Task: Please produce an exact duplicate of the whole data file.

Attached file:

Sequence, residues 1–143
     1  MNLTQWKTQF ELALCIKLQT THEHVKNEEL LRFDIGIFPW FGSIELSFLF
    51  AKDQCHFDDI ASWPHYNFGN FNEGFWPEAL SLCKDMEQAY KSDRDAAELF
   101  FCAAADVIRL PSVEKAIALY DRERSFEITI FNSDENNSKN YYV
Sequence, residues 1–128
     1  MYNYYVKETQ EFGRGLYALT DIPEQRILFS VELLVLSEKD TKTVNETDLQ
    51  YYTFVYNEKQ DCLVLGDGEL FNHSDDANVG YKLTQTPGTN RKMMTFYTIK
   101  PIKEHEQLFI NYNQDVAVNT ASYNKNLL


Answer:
Sequence, residues 1–143
     1  MNLTQWKTQF ELALCIKLQT THEHVKNEEL LRFDIGIFPW FGSIELSFLF
    51  AKDQCHFDDI ASWPHYNFGN FNEGFWPEAL SLCKDMEQAY KSDRDAAELF
   101  FCAAADVIRL PSVEKAIALY DRERSFEITI FNSDENNSKN YYV
Sequence, residues 1–128
     1  MYNYYVKETQ EFGRGLYALT DIPEQRILFS VELLVLSEKD TKTVNETDLQ
    51  YYTFVYNEKQ DCLVLGDGEL FNHSDDANVG YKLTQTPGTN RKMMTFYTIK
   101  PIKEHEQLFI NYNQDVAVNT ASYNKNLL